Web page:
Convexity and bonds
Yesterday’s Globe and Mail included an interesting article by Boyd Erman on the impact of “convexity” on bond prices. That is, the measure of the sensitivity of the price of a bond to changes in interest rates.
As advisors, we try to avoid jargon like volatility, duration, correlation and tracking error. One investor friend of mine defines volatility this way: “it means the investment will drop in value as soon as I own it!” The term “convexity” is totally out of bounds and reserved only for bond specialists!
But Mr. Erman makes a valuable point in the article. Ignore all the discussion about the shape of the yield curve. This is the key point – when bonds are only yielding 2%, a 1% increase in yields will result in a bigger drop in value when compared to a bond yielding 8%. So today’s investor has to be more acutely aware of the impact of rising interest rates on bonds in their portfolios.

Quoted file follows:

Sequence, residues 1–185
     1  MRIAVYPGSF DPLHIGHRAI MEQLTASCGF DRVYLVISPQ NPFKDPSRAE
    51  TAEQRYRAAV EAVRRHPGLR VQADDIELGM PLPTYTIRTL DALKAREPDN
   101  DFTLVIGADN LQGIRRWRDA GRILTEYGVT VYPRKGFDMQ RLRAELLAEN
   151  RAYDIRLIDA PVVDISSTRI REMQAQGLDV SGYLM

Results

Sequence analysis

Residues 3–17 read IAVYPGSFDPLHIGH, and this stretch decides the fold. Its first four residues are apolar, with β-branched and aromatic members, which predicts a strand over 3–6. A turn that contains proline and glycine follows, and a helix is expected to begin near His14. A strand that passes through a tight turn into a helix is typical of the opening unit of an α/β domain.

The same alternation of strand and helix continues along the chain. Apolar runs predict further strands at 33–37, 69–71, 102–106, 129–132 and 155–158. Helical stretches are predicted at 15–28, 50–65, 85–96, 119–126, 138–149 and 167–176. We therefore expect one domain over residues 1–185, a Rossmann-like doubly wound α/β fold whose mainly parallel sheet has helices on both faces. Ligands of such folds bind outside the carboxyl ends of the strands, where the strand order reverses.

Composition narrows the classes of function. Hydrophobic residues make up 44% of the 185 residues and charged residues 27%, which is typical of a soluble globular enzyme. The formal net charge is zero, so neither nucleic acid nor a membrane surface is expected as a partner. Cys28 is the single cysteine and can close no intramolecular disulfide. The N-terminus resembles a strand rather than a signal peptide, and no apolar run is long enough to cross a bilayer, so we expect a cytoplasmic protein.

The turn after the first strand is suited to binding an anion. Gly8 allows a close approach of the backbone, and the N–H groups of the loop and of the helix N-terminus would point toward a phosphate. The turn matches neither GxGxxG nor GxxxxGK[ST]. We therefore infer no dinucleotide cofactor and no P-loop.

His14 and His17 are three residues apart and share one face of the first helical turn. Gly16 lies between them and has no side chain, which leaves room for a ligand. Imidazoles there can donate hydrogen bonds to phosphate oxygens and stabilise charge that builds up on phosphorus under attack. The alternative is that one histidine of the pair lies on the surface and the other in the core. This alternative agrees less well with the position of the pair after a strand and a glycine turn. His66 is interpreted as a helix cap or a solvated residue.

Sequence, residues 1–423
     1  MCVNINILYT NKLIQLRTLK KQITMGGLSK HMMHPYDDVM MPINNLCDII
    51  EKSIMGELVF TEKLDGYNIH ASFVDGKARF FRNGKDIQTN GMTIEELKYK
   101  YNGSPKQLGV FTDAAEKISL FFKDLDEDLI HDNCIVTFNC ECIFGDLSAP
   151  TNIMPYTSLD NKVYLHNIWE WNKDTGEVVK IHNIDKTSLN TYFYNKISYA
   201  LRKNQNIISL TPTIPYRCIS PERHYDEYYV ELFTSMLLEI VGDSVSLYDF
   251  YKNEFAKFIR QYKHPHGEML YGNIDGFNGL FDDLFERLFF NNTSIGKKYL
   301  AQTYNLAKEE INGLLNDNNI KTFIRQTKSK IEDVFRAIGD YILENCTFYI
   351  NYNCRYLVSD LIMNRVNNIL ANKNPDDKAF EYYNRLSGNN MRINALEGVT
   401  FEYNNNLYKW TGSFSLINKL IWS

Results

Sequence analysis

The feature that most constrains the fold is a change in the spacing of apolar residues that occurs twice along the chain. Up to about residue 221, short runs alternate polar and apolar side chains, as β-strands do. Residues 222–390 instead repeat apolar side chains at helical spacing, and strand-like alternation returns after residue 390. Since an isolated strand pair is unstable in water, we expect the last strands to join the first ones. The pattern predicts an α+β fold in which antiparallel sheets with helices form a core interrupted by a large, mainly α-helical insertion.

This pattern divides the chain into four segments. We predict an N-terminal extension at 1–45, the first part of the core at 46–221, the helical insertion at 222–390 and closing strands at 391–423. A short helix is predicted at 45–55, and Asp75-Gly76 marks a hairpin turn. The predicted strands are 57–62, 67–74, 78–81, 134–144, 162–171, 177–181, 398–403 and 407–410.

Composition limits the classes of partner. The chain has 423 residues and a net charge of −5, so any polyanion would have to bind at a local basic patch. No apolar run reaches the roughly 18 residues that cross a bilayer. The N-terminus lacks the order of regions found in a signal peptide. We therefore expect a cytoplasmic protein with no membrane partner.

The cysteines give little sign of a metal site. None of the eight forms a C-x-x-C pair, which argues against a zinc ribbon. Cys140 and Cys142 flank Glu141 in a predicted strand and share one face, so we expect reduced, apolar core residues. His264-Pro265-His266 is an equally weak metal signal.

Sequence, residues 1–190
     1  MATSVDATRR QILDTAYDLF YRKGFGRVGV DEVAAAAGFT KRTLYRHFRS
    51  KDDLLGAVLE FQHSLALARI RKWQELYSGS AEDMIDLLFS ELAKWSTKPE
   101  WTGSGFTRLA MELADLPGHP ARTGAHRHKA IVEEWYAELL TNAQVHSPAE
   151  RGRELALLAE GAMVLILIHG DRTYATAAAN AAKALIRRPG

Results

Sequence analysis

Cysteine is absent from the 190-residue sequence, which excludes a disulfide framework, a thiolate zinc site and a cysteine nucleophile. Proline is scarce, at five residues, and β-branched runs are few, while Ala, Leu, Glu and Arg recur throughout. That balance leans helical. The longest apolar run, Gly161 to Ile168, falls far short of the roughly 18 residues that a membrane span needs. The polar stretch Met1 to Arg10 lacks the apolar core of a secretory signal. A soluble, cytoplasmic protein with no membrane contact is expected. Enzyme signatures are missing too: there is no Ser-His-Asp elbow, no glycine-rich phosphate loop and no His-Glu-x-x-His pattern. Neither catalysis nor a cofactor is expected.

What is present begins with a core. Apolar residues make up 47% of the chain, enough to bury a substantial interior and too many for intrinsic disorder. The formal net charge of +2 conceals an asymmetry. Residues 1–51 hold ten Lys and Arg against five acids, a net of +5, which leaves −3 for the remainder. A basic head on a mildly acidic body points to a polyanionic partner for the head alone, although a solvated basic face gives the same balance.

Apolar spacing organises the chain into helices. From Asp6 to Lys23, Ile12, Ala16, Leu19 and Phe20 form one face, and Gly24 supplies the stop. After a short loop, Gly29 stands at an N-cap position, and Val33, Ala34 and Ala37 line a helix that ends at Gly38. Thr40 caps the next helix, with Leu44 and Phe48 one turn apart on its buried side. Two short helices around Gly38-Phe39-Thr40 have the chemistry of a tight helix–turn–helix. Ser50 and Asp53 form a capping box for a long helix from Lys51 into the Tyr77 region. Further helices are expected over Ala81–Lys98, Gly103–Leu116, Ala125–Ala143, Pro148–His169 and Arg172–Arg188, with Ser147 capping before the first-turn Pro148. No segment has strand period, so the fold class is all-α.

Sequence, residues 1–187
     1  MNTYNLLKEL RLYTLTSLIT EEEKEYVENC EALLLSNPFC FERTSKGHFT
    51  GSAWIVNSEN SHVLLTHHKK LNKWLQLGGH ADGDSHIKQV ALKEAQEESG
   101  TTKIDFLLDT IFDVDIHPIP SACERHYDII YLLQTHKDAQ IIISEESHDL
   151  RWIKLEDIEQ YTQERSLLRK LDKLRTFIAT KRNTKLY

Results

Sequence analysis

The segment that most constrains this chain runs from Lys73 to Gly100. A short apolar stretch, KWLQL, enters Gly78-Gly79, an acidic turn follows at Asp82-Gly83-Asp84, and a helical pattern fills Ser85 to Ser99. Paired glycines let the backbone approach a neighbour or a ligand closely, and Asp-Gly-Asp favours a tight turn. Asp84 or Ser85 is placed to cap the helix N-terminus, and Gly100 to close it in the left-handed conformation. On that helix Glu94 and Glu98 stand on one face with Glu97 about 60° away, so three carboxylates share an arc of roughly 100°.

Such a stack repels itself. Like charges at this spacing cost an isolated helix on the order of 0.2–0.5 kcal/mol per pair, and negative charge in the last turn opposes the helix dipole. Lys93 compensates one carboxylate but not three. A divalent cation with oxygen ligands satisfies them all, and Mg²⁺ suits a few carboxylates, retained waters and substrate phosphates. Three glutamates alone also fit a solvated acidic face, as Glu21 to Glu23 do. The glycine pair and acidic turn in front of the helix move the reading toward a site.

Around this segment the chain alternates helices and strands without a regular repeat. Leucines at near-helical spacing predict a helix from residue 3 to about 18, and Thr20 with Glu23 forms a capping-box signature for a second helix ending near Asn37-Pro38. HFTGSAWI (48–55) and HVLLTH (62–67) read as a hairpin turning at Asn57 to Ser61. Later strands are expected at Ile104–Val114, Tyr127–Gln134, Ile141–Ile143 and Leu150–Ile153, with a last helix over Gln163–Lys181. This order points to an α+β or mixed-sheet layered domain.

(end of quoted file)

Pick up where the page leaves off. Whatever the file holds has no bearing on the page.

Again, interest rates are not rising because of the prospect of inflation. They are simply starting down the path to “where they should be”. Current rates are at historically low levels to stimulate the economy. The need for these very low rates will decline as the economies stabilize.
The expected flight from bonds is plain to see – though tough to time precisely. Bond yields are up almost 0.25% in both Canada and the U.S (meaning bond prices have fallen). And surprise, surprise, the stock markets are up. One of the reasons? Individual investors shifted a total of $6.8 billion into U.S. stock mutual funds in the first 3 weeks of the year, much of it out of bonds. The result? The Dow Jones Industrial Average is up 6.5%, the S&P/TSX Composite Index is up 3% and the MSCI World Index is up 5.5%.
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